A Computational Paradigm of Science and its Discontents
2015 (English)In: 11th European Computer Science Summit, 2015Conference paper (Refereed)Text
A number of theoretical and technical innovations in the 1930s and 1940s led to a new era of computing, and computing started to develop as an independent academic discipline. Some pioneers of computing emphasized the theoretical elements of science, advocating a mathematical view of computing as a discipline. Others distanced computing from natural sciences and championed for academic legitimacy of sciences of the artificial. At the time when experimental computer science debates emerged, many meta-studies compared research in computing with natural sciences and engineering, condemning computing as methodologically deficient. But in the new century, the success of computing in many scientific applications made computing, in the minds of many, a "paradigm" for other sciences: Computing can learn from nature, or it might be the best tool for studying natural phenomena, or it might actually be what nature does. This talk describes the journey of computing from a nascent young field struggling for legitimacy to the views that computing might not be only "a" science but "the" science.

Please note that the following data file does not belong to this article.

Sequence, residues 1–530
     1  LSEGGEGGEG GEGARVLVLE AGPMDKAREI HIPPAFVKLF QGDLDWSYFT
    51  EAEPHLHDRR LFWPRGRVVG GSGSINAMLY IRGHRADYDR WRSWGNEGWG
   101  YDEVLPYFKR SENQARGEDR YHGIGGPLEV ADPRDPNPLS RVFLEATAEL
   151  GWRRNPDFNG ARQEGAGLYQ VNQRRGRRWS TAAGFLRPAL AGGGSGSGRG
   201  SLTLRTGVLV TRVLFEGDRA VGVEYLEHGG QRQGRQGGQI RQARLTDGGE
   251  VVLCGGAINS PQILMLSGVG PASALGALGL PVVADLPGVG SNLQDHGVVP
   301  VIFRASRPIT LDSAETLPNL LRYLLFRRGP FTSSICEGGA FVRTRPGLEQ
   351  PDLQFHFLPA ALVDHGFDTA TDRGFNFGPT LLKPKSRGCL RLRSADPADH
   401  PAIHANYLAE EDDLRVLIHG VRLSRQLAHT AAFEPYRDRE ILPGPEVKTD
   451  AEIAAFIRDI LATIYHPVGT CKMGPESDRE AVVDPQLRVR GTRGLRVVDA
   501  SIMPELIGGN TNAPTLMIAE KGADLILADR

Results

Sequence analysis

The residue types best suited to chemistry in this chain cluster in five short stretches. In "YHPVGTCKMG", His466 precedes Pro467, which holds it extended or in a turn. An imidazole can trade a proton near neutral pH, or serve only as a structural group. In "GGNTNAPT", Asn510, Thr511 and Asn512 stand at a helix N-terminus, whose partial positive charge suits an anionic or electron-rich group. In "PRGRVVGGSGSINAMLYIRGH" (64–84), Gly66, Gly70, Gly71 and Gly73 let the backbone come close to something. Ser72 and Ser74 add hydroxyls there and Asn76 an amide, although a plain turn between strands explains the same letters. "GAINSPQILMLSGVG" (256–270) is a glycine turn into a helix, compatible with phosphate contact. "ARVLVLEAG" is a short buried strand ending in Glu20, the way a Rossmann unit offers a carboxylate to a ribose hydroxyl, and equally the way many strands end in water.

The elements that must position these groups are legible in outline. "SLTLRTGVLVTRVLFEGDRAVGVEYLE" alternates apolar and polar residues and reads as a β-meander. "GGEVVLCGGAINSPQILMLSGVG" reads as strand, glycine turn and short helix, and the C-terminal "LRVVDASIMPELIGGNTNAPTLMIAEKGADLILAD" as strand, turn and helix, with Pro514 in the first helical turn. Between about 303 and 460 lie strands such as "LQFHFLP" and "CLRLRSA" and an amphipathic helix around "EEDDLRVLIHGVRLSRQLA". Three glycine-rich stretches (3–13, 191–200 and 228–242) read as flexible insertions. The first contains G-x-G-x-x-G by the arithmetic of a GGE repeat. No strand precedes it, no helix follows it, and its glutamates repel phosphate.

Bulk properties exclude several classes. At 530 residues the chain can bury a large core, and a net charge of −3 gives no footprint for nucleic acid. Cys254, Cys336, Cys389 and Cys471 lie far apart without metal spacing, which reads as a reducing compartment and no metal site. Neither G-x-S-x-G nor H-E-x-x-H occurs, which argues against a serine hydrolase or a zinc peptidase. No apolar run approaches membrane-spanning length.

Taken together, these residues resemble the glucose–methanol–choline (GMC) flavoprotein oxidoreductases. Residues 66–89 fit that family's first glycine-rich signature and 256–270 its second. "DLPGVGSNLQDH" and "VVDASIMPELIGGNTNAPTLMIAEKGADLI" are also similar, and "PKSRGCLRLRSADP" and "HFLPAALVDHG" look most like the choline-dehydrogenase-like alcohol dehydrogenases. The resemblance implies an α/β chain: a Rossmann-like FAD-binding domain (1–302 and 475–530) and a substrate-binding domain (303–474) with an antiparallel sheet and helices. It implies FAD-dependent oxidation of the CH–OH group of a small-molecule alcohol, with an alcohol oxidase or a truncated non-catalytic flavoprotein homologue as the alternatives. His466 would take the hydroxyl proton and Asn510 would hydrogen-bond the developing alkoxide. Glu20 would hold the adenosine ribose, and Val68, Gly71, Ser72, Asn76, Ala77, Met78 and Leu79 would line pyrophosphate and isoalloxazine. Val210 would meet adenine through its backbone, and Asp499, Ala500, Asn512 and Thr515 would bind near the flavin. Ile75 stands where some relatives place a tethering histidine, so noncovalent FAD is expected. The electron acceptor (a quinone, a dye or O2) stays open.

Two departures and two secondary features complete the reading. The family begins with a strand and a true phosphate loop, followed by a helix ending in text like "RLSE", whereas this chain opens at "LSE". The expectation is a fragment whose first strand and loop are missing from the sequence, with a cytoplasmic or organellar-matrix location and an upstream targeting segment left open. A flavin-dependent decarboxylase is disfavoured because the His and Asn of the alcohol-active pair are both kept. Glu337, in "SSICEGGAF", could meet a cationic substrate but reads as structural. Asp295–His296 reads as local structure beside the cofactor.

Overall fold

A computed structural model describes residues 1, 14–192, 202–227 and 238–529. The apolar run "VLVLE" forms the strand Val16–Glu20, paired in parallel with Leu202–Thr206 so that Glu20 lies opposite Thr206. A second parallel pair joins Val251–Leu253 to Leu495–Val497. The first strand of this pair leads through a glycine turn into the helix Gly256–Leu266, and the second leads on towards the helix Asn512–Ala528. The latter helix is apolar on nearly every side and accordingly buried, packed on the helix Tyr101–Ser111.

Place, publisher, year, edition, pages
Research subject Computer and Systems Sciences
IdentifiersURN: urn:nbn:se:su:diva-129712OAI: oai:DiVA.org:su-129712DiVA: diva2:923841